Infrastructure Projects & Greenhouse Gas Emissions

Finding the Balance for Benefit

Can freeway infrastructure projects have a greenhouse gas (GHG) emission benefit by improving travel speeds and reducing tailpipe emissions? The following case studies show that the answer depends as much on the type of infrastructure project as on the type of modeling that is used, and whether the modeling fully captures induced vehicle travel effects and operational benefits of the project. Conceptually, achieving both objectives should be possible. However, it requires a ‘Goldilocks’ combination, where the project is designed to alleviate just enough congestion without being so effective that the congestion reduction induces new vehicle miles traveled (VMT). The modeling approach must recognize this unique balance and contain sufficient sensitivity to travel demand and supply effects.

We have assembled three case studies from recent project work that demonstrate the differences of modeling approaches and their effect on VMT and greenhouse gas (GHG) emissions. A complete technical approach will enable accounting for changes in travel behavior associated with the project (i.e., accounting for induced vehicle travel effects), while also accurately estimating the travel speeds (and ideally, number of stops) under no-build and build scenarios to inform the GHG emissions estimates.

GHG emissions are commonly calculated using forecasts of VMT that are grouped according to the average speed of the traveling vehicles. Slower-moving vehicles generate more pollutants, while travel speeds between 40-50 miles per hour (mph) tend to represent the most fuel-efficient operating conditions for internal combustion engines.[1] Each of the case studies calculated GHG emissions using emission factors by speed bin and VMT estimates from the travel model used for the project analysis.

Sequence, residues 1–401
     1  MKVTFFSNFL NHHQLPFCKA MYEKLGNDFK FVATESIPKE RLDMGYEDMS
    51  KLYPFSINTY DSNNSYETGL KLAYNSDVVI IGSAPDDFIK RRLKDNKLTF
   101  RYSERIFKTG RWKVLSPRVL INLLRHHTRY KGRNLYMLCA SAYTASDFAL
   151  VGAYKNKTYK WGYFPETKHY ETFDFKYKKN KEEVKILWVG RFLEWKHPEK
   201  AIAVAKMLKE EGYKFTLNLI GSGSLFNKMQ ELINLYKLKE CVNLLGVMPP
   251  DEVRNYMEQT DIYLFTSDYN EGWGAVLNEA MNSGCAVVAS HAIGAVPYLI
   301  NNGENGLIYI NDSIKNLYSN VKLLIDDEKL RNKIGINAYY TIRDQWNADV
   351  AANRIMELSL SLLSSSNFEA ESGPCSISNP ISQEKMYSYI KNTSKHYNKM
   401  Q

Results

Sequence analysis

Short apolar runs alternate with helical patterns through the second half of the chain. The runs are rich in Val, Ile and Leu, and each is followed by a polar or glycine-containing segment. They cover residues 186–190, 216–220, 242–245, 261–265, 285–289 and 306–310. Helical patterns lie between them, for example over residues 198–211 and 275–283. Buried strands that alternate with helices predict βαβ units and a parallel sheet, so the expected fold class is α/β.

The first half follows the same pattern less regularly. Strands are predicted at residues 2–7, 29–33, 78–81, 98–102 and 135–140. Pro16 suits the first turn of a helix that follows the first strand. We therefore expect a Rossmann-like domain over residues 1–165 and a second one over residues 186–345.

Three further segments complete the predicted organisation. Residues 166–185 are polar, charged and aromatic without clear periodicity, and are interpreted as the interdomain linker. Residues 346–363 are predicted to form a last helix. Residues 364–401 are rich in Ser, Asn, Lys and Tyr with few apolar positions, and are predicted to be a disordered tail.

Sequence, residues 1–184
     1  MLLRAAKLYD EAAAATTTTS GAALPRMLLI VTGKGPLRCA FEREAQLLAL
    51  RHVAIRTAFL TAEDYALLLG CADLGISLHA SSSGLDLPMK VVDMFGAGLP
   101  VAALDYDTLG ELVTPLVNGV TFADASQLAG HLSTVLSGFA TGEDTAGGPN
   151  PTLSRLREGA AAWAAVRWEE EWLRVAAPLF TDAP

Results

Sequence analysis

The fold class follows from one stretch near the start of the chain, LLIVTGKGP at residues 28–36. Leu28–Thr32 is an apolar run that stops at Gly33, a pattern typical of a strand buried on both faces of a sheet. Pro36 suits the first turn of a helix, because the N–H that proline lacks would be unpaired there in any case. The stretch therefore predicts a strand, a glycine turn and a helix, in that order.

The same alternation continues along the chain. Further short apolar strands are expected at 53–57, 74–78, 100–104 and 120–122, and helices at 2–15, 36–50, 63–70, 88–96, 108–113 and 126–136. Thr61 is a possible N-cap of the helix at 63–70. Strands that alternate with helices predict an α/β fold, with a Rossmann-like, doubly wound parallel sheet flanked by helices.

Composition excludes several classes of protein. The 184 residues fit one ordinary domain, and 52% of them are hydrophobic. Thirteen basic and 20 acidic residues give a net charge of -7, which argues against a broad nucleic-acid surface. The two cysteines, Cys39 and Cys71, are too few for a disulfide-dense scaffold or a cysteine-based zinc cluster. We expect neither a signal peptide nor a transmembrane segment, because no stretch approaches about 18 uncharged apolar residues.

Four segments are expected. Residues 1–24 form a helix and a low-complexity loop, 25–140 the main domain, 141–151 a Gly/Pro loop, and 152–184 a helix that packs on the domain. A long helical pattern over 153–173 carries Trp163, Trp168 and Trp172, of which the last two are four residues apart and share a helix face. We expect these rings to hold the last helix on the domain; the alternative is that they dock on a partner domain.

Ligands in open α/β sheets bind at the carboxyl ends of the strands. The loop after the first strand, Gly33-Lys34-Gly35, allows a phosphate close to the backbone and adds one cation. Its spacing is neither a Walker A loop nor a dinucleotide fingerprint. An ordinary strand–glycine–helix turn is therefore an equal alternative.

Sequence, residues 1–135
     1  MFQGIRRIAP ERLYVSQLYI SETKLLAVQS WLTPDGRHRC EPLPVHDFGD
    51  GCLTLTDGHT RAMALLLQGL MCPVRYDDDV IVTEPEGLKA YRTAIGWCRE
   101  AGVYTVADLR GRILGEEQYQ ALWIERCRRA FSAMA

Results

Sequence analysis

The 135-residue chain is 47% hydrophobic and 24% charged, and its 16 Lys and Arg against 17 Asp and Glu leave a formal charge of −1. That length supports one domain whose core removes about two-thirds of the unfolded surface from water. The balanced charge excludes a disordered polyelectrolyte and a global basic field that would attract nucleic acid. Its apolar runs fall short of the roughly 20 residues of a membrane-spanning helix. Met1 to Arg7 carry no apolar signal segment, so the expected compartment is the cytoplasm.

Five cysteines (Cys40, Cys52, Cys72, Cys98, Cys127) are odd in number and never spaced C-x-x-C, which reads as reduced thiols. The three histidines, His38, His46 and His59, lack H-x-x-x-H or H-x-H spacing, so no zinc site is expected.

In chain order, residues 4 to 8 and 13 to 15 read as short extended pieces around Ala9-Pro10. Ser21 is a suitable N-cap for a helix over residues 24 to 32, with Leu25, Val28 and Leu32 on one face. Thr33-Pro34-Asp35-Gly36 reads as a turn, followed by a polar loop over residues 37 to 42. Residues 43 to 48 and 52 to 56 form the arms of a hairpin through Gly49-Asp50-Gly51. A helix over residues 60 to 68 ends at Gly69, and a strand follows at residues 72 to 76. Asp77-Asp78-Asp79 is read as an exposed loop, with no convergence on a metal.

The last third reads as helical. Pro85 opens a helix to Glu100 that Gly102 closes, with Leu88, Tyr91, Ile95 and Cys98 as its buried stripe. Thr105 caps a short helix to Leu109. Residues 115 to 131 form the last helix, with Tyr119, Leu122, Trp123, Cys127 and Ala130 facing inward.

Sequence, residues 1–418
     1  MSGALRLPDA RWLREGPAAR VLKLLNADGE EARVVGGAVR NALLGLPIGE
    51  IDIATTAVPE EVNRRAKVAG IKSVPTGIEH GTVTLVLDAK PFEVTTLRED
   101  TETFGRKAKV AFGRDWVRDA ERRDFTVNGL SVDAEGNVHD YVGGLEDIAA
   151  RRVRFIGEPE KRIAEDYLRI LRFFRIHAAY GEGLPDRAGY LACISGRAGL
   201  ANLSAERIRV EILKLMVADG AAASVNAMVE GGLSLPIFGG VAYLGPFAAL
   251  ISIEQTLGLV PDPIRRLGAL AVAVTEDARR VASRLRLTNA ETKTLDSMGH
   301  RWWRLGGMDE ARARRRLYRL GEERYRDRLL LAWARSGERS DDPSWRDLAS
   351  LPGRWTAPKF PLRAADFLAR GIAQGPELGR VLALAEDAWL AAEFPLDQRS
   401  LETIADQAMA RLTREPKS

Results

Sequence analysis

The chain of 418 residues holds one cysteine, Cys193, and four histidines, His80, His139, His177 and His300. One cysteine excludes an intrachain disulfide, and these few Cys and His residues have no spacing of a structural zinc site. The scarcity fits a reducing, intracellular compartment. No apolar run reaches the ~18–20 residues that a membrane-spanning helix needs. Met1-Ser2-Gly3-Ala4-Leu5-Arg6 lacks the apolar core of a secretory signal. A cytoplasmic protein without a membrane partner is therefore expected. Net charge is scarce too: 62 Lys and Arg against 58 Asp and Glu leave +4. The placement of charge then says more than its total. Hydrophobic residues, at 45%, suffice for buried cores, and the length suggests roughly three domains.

HOV to HOT Conversion & Regional Travel Demand Forecasting Model

Converting a high-occupancy vehicle (HOV) lane to a high-occupancy tolled (HOT) lane has the potential to improve travel speeds in a freeway corridor. HOT lane operations are only allowed when the HOV lane has enough capacity to accommodate additional vehicles. A single-occupancy vehicle (SOV) may buy into the HOV lane if its addition does not compromise the desired minimum speed of the HOV lane, which typically is no lower than 45 mph. Shifting SOVs out of congested general-purpose travel lanes improves lane operation and provides the potential for reduced GHG emissions. 

In this case study, Fehr & Peers used a regional travel demand model to evaluate converting approximately 50 miles of existing HOV lanes to HOT lanes on a major freeway. The model results showed that the project caused induced vehicle travel effects that increased VMT on the freeway facility due to increased travel speeds. However, this approach may not capture all the effects of induced VMT without verifying the model’s sensitivity to new capacity and evaluating the region-wide effects. The increase in VMT along the corridor was high enough to more than offset the benefit from the speed increases, and GHG emissions also increased on the study corridor.

To assess the full effect of the project on VMT and GHG, we also expanded the analysis area to include the full four-county region covered by the TDF. Across the entire model area, some project-level benefits were washed out, but the conclusions remained the same and model-wide VMT and GHG emissions increased.

Freeway Expansion & Microsimulation Model

Expanding freeway capacity may come in many forms. Managed lanes, which include both HOV and HOT lanes (also called express lanes), offer the potential to improve travel speeds and reduce congestion. For this case study, Fehr & Peers evaluated adding capacity to close a 7.5 mile HOT lane gap along an existing 20-mile corridor. The project would allow more SOVs to buy into the HOT lane while also reducing weaving maneuvers at the existing gap between facilities.